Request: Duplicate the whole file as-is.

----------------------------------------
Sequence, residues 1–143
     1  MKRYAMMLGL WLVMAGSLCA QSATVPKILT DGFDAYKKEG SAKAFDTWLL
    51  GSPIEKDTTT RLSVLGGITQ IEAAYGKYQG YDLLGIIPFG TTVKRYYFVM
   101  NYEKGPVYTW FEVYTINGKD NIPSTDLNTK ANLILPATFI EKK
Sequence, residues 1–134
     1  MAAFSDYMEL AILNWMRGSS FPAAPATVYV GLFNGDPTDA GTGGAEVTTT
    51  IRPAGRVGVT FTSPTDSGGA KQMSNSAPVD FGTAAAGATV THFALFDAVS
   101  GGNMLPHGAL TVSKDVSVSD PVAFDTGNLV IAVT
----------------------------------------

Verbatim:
Sequence, residues 1–143
     1  MKRYAMMLGL WLVMAGSLCA QSATVPKILT DGFDAYKKEG SAKAFDTWLL
    51  GSPIEKDTTT RLSVLGGITQ IEAAYGKYQG YDLLGIIPFG TTVKRYYFVM
   101  NYEKGPVYTW FEVYTINGKD NIPSTDLNTK ANLILPATFI EKK
Sequence, residues 1–134
     1  MAAFSDYMEL AILNWMRGSS FPAAPATVYV GLFNGDPTDA GTGGAEVTTT
    51  IRPAGRVGVT FTSPTDSGGA KQMSNSAPVD FGTAAAGATV THFALFDAVS
   101  GGNMLPHGAL TVSKDVSVSD PVAFDTGNLV IAVT